“Brady has been allowed to divorce himself from it while Black athletes are made to own their views in perpetuity,” Armour writes of the QB’s past Trump support. “There is no end in sight to Colin Kaepernick’s blackballing, even though his protests to bring attention to police brutality of Black and brown people have proven to be an alarm we should not have ignored.” This contention ignores the fact that Kaepernick’s behavior – wearing socks depicting police officers as pigs and demanding (successfully) that Nike stop producing a patriotic sneaker with a Betsy Ross flag on it – is reprehensible and his “blackballing” therefore completely justified. And the fact that despite this behavior, Kaepernick is hailed almost unanimously as a hero and a victim of unjust treatment, while Brady is harshly and incessantly criticized, as the existence of Armour’s column demonstrates. 

Armour describes it as a privilege that Brady has not been asked about his views on the January 6th protest and that he is “not asked to speak for white America.” She writes: “Even Brady’s aversion to talking about politics or current events is itself a form of privilege. Like other white athletes, Brady is seen as an individual in a way minority athletes never are.” Leonard echoes these sentiments, saying: “Seeing sports and living sports as an uncontested space is the privilege of whiteness. It’s the privilege of being a man. It’s the privilege of being a heterosexual athlete. That is a luxury that Black athletes and other marginalized and disempowered athletes have never been afforded.”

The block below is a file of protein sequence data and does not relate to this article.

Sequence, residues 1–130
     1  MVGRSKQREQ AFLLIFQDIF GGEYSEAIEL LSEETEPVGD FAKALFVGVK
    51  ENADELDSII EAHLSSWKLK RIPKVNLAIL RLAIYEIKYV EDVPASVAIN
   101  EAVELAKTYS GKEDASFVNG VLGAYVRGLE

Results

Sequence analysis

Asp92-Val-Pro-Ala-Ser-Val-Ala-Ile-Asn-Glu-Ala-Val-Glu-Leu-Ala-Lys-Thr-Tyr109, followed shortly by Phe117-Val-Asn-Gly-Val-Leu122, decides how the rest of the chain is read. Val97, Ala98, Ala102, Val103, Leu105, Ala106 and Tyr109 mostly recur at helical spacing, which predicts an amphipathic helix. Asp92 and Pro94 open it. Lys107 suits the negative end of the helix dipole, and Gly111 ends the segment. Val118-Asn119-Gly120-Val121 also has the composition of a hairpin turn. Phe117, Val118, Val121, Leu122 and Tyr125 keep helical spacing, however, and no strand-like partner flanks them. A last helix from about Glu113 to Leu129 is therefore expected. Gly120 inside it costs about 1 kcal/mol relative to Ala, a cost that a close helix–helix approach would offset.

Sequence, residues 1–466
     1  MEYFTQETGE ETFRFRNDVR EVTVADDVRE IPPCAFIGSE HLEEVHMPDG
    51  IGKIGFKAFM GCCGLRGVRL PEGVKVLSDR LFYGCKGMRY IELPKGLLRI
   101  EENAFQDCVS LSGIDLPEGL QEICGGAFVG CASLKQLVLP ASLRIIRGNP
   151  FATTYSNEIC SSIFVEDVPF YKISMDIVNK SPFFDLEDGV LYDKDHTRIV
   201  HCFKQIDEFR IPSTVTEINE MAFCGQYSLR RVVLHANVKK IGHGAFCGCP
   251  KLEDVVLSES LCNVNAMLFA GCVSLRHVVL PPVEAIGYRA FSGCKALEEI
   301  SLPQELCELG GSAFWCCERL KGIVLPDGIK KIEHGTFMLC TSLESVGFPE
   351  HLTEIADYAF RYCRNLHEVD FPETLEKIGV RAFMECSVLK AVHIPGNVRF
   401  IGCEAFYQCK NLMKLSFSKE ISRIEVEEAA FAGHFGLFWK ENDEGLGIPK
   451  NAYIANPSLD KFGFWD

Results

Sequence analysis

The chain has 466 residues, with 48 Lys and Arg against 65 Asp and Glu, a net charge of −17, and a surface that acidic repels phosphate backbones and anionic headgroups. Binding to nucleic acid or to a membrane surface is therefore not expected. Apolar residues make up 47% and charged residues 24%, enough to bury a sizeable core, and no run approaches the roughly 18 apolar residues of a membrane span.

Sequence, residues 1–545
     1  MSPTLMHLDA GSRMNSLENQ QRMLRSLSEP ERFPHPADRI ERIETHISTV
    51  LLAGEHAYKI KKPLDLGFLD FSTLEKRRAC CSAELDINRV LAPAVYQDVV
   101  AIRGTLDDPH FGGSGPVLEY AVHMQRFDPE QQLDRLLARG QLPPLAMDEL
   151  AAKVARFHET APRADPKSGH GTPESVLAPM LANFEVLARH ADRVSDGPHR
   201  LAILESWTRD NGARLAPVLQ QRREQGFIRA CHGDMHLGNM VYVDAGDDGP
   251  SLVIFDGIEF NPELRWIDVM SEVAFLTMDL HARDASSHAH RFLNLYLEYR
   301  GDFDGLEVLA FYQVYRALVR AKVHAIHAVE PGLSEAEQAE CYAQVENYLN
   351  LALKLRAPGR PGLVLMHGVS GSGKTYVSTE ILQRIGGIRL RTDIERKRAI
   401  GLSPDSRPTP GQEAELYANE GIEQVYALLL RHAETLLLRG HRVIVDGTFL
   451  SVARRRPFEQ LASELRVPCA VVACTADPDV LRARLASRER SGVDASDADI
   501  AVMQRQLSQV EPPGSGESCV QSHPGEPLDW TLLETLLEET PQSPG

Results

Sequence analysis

First of all, there is no such thing as “white America,” and it is racist and think and speak in such terms. Additionally, I disagree with the allegation that minority athletes, female athletes, and gay athletes are never seen as individuals. I also disagree with the claim that it is a privilege and a luxury to be seen as an individual or to have the choice of whether or not to discuss current events. Being able to express one’s views on politics and current events, or alternatively, to opt not to do so, is a right, not a privilege.

Armour closes by criticizing Brady’s “moral cowardice.” She writes that “celebrating what he’s done while turning a blind eye to what he has not is a privilege Brady does not deserve.” Actually, it is Armour who is demonstrating moral cowardice. And having one of the nation’s most well-known and widely-read newspapers as a platform from which to spew her pompous, mean-spirited, racist nonsense is a privilege that she does not deserve.